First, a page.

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This month is Stress Awareness Month, which is all about raising awareness of the impact that stress can have. Let’s find out all about stress – what it is, what it can look and feel like, and how to get the right support.

What exactly is stress?

Stress is a very normal reaction in everyday life, and most of us will experience it at some point. Stress can be caused by a lot of different things, such as money problems or issues at work, and it can even be caused by more positive events such as buying a house or getting married. Sometimes, you might not be able to figure out the reason – but you just feel like you’re struggling.

Stress can make you feel all kinds of things, some can be physical and some can be mental.

I’ve been feeling overwhelmed and I’m constantly worrying, my stomach hurts and I’m experiencing headaches. Could this be stress?

Stress can be the cause of many different symptoms, you may feel like:

  • You’re tired a lot of the time
  • You’re constantly worrying or struggling to relax
  • You have frequent headaches or stomach problems
  • Your muscles feel tense
  • Your heart races
  • You sweat or shake
  • You find it difficult to fall asleep, or you find you sleep too much
  • Your appetite has changed, you eat too much or too little
  • You’ve lost interest in the activities that usually bring you joy

Sometimes, it might feel difficult to ask for help. But it’s important to know that there is support you can access if you’re finding it hard to cope with the way you’re feeling. We’ll also point out some self-help tips and lifestyle changes that may improve your overall mental health!

Let’s take a look what some of these are:

Talking therapies

Cognitive Behavioural Therapy can help you deal with stress by giving you the tools to respond to situations in a different way, which can improve how you manage negative thoughts. Sometimes you might not have direct control over what is making you feel this way, but by looking at your problems and changing your response to them – it can get better.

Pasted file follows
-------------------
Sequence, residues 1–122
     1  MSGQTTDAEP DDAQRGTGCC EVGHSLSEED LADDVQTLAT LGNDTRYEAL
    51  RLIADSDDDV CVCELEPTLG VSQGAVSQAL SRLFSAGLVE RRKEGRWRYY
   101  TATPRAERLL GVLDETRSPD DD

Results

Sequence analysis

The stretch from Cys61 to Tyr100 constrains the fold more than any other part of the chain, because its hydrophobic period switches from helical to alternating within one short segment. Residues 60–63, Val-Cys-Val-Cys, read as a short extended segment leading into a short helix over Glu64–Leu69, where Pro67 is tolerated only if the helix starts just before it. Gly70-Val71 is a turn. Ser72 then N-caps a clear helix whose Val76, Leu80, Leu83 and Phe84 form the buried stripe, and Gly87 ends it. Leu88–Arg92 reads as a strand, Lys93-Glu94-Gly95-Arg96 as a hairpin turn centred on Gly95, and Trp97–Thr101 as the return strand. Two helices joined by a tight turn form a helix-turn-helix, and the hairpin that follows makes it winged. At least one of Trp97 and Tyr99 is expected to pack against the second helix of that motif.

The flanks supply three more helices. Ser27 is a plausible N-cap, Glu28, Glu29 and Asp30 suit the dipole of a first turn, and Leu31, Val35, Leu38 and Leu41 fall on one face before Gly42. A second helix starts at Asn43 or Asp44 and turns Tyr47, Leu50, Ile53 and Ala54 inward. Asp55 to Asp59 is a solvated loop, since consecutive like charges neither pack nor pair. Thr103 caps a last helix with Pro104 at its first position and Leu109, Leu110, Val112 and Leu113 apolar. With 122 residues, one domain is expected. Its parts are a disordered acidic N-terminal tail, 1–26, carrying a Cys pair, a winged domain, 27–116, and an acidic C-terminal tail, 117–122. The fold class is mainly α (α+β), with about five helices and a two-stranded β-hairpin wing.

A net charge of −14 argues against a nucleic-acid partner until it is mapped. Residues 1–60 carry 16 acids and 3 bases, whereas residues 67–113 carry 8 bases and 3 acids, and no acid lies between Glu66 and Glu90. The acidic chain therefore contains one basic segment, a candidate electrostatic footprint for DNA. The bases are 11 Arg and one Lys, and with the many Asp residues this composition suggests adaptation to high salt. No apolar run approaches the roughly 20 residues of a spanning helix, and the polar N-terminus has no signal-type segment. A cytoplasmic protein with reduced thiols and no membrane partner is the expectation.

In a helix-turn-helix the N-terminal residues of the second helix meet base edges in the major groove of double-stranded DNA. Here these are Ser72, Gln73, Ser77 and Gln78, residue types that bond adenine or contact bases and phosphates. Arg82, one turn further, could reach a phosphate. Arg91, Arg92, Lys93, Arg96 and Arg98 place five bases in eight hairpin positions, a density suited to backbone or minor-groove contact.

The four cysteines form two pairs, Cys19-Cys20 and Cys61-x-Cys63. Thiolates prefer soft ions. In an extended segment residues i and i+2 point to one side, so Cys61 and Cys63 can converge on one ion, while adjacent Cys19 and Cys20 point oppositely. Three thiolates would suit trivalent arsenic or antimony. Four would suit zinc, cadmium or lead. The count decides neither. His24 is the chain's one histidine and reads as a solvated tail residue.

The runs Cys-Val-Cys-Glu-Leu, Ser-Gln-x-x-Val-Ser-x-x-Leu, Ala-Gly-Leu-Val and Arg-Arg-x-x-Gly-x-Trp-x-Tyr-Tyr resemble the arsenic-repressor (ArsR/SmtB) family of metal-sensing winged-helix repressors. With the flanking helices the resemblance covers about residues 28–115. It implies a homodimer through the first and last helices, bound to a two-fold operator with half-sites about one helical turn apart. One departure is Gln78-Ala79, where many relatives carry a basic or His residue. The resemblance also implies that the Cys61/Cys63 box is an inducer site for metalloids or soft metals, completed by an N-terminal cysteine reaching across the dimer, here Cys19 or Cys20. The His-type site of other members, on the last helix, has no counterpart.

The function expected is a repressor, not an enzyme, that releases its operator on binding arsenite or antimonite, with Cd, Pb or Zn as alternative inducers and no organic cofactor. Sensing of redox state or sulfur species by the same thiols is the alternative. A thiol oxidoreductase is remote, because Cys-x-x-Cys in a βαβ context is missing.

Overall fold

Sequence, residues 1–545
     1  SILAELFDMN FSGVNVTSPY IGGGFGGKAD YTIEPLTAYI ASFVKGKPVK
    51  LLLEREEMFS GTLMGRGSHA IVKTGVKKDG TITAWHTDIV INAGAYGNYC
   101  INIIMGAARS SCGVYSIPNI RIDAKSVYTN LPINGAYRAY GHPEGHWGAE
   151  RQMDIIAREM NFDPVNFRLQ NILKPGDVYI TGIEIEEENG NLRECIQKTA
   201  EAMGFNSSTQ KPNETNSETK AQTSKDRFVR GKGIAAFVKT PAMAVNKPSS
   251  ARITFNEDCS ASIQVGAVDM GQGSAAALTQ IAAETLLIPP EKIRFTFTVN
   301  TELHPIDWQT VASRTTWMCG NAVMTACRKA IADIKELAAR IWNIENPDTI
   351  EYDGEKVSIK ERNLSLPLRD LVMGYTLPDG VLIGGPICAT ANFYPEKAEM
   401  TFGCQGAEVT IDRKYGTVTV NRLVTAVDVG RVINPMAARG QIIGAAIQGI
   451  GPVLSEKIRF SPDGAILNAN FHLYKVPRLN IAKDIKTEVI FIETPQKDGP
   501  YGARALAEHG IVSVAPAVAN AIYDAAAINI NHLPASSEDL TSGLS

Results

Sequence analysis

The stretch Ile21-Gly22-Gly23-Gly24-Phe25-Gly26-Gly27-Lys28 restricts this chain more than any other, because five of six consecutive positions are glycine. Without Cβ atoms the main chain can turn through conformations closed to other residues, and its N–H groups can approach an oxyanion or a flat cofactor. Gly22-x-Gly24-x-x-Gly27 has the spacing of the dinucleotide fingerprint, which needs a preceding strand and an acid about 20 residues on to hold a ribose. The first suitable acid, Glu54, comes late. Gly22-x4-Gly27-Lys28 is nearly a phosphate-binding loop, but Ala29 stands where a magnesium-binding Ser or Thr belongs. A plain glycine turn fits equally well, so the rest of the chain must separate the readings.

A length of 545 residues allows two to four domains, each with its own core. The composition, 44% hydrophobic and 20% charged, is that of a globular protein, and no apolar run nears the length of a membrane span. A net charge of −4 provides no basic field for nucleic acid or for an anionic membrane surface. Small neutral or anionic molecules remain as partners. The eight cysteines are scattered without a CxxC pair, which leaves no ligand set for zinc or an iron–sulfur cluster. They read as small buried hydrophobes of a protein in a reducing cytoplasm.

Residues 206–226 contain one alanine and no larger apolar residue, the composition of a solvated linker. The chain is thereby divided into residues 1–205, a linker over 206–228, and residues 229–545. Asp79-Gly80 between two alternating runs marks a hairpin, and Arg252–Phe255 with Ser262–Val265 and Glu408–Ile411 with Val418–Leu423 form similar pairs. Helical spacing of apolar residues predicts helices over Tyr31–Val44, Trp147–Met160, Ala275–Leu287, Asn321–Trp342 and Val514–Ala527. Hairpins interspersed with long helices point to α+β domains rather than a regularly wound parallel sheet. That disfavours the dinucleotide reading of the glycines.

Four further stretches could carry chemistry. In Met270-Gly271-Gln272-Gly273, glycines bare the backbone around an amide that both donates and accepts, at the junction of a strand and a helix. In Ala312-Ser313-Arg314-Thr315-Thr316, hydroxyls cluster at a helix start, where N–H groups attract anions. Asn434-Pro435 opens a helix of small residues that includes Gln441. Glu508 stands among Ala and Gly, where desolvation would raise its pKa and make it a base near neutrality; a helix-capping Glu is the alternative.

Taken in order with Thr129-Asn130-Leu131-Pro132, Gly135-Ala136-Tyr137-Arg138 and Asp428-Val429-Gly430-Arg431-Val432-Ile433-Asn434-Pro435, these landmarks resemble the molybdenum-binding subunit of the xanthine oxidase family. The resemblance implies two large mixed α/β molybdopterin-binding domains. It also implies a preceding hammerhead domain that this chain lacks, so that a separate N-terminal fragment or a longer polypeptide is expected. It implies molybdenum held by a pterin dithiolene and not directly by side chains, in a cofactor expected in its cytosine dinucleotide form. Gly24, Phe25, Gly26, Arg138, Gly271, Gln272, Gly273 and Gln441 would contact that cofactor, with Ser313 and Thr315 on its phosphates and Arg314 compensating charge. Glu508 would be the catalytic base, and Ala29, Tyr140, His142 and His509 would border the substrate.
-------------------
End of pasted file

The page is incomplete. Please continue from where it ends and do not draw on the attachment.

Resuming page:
Community mental health support

In Newcastle, our community mental health support team can help you to access resources in the community, and you will be supported by our Community Mental Health Support Workers – many of whom have lived experience of mental ill-health. They know what it’s like, because they’ve been there too.

By being a part of community groups and communities, you will be able to gain confidence and be supported in the way that’s right for you.

Getting active

While exercise isn’t a cure-all, it can certainly improve your mental health. There are lots of different ways you can get active, helping you to reach the recommended 20 minutes of exercise a day for the average adult. Take a look at our blog post on how exercise can improve your mental health to find out more.


This may sound like an obvious one, but talking really does help. We can all underestimate how much talking about your problems to someone you trust can help. Whether it’s with a loved one, a friend, or even a colleague, having that support can be valuable.


Another obvious-sounding one, but sometimes when we’re stressed our breathing can be too shallow – which can add to your feelings of stress! Practising breathing techniques can be really useful if you’re feeling stressed, and can help you to calm down in the moment. You can find some great breathing-exercise guidance via the NHS website.


Making changes to your lifestyle can also help reduce your feelings of stress. Making sure you’re taking care of yourself by getting enough sleep and eating well can help with your mental and physical well-being.

Work smarter, not harder

Sometimes, stress can be caused by a busy schedule – setting small targets each day, and breaking down your tasks and problems into smaller parts can make them more manageable. If you’re having a day where your to-do list feels a mile long, prioritise the tasks that will make a difference.

If high levels of stress continue over long periods of time, it can start to take a toll. It’s important to recognise the symptoms stress can cause, and if they’re having a negative impact on your mental and physical health. We hope this article has helped you to be aware of how stress can look and feel, and provided you with some great resources for getting support.

For more information on stress and accessing NHS Talking Therapies, click here.

For more resources and advice, visit NHS.

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